It’s not our fault – it isn’t

Or as Johnny Rotten memorably put it – Ever get the feeling you’ve been cheated -. So we turn to the rationale behind the proposed MPs pay rise which is anticipated to be in the region of 10% this year.



My scant views on the real independence of The Independent Parliamentary Standards Authority prior to the legislation passed on the 20th July 2009 were expressed at the time as my derisive comments of the real independence of IPSA in November of 2009 and nothing has changed. I have been looking forward to the Audited Accounts for IPSA being published, which should be imminent, as the last accounts were published on the 2nd July 2012 and I will come back to them in due course.

Politicians (and the Journalists who follow their every move like fawning puppies) would have us believe that MPs are damned if they carry out their own review or damned if  ’an independent body’ carries out the review. In simple terms, IPSA, is not an Independent body, but another example of smoke and mirrors.

The commentary by Ian Kennedy, sums up the den of sleaze that is Westminster. He states -

‘..we know what happens when the element of pay is pushed aside as being simply too hard – the ‘nods and winks’ school of public financing emerges, and ultimately we end up with circumstances like 2009. No-one wanted the system that brought Parliament to its knees in 2009 to come into being, but it was the inevitable result of hard decisions deferred….’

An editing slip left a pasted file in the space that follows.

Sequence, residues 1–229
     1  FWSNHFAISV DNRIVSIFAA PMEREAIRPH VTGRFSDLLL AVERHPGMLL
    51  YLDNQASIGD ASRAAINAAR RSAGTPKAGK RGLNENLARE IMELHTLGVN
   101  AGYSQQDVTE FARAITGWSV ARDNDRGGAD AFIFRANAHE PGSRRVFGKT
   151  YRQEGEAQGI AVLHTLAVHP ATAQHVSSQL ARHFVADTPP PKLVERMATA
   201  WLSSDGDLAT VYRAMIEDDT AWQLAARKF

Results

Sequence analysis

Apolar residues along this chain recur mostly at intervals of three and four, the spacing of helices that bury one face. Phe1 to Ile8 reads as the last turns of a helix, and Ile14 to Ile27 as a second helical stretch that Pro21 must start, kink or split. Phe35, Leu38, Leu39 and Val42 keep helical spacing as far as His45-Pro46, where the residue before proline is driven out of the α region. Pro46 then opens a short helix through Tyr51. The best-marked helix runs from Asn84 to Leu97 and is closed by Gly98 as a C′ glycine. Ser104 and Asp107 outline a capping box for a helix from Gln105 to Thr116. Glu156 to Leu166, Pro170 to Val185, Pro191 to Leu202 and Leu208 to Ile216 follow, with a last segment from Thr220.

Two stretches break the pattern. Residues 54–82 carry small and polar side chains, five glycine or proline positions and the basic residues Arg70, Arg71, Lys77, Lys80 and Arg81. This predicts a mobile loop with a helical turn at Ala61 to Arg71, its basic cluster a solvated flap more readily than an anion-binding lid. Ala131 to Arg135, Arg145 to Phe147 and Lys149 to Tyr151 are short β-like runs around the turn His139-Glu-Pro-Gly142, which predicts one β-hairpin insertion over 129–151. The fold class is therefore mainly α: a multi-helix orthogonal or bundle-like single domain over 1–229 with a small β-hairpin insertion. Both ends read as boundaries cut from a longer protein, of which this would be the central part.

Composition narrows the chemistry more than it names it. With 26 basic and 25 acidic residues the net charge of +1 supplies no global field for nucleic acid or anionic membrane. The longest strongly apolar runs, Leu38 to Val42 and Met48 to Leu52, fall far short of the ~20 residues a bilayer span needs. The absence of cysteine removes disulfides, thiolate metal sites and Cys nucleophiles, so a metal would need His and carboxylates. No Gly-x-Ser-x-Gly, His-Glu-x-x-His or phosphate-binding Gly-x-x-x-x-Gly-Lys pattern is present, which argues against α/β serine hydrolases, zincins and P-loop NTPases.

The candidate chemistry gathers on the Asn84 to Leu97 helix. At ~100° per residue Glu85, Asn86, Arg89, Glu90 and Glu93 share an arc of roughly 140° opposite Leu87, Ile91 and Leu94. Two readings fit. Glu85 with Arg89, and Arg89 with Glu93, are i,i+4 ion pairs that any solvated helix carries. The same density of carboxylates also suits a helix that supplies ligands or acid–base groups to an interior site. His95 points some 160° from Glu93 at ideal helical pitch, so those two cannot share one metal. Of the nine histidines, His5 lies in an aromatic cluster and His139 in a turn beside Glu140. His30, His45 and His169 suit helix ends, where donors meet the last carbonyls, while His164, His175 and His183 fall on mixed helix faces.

Strip away the verbosity of language, he argues – if we don’t pay MPs more they will fiddle their expenses. I leave you to consider whether MPs, who are judged by a so called independent body as systemically corrupt, are MPs fit to serve.

Kennedy further adds -

‘..And, by way of a reminder, the legislation that gave us this responsibility is quite clear: the power to set the pay and pensions of MPs rests with IPSA alone. MPs do not get to vote. The Government does not get to pick and choose. There is no opting in or out…’

We have heard from many politicians that they won’t take their pay rise. Once it is in place, do you, I, or even the place-man Kennedy responsible for overseeing Parliamentary standards, really believe that these worthy types – to paraphrase - the ‘nods and winks’ school of public financing will emerge’ won’t quietly take their increased salaries a few months after the brouhaha has died down?

Or as Johnny Rotten put it -

Join Tim Whale on Twitter for an alternative view.


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